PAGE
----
>One of the joys of visiting Barcelona has always been to lose oneself in the twisting alleyways and stumble upon unexpected little squares in the Gothic Quarter or “Barri Gòtic”, the nucleus of the old city. Unfortunately, over the past ten years things have gone decidedly downhill in this area. The profusion of yobs, trashy shops, muggers, garbage, and graffiti has in some cases completely ruined the experience of dropping back a few centuries into the past, as one strolls down a little street so narrow that you can reach out your arms and touch the buildings on the respective sides of the street. Until recently, Barcelona seemed to be impotent to do anything about it.
And now a redoubtable woman, and one whom I have admittedly criticized previously, appears to be making a significant move to address the situation. Architect and city counselor for the Gothic Quarter Itziar González has helped to craft a number of restrictions and regulations for the district that will begin to come into effect in November. Some of these are particularly interesting, in that they may have a tremendous benefit to the residents and indeed to tourists – albeit not the drunks and the pickpockets who prey on them.
The plan would eliminate a number of 24-hour mini-marts that have been operating, selling liquor well into the night, and restricting the number of small and large supermarkets in certain zones of the old city based on the permanent population density. The plan also limits the construction of new hotels in the zone, as well as the increase in number of beds at the 160 hotels, bed-and-breakfasts, etc. that are already within the historical center of the district. At the same time it will provide incentives to hoteliers at the fringes of it to expand their accommodations, so as to get more people away from the tangled network of the old city center and encourage development elsewhere.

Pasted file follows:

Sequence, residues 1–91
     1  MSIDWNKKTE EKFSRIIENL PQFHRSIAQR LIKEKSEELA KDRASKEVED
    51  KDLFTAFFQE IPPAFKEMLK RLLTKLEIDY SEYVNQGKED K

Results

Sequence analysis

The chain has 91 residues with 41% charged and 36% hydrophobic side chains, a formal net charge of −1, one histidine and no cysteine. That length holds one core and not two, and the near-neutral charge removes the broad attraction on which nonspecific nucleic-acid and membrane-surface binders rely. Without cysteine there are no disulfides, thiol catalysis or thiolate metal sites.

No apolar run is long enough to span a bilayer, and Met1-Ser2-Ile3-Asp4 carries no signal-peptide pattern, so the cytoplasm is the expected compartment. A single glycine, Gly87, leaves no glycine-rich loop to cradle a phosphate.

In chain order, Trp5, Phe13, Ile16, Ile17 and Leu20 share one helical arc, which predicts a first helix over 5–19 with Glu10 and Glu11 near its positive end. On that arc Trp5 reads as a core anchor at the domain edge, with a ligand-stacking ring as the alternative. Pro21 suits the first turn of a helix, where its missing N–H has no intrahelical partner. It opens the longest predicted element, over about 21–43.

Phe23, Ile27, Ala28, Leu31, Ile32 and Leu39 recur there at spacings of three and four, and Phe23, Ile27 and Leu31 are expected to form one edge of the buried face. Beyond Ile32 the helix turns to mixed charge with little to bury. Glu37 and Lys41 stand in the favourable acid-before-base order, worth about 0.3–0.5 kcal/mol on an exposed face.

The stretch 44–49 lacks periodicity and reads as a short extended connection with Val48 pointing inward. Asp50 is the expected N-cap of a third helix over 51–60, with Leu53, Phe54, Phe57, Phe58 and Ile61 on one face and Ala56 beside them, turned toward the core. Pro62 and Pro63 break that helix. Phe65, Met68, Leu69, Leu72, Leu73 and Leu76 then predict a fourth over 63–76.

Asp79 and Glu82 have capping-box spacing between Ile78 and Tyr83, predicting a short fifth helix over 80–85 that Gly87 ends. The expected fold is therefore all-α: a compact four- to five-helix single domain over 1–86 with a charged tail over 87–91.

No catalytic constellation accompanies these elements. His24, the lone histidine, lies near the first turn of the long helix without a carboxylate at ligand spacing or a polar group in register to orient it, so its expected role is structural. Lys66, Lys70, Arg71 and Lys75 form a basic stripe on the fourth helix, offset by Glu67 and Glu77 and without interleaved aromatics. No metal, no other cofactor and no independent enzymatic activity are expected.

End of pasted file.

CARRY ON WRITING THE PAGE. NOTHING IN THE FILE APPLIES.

Fast-food joints will not be escaping unscathed either. The plan will limit the location of such establishments to the waterfront and to the four larger designated commercial streets in the Gothic Quarter, and ban them on any street in the zone. (In other words, no late night giant slice on the street in front of the Archbishop’s palace or City Hall, unless you brought it from somewhere else.)
These are, frankly, excellent steps being taken by Ms. González and the city council to address a number of long-standing problems in the area. When I was last there in December, I spotted a banner (reproduced below) on an apartment building next to the Basilica of La Mercè, where a resident complained that the entire neighborhood had been abandoned to drug dealers, people relieving themselves on the street, thieves, and drunks; the banner begged the city council to do something as the neighborhood felt abandoned. Clearly someone is listening, and one can only hope the city will be better for the effort.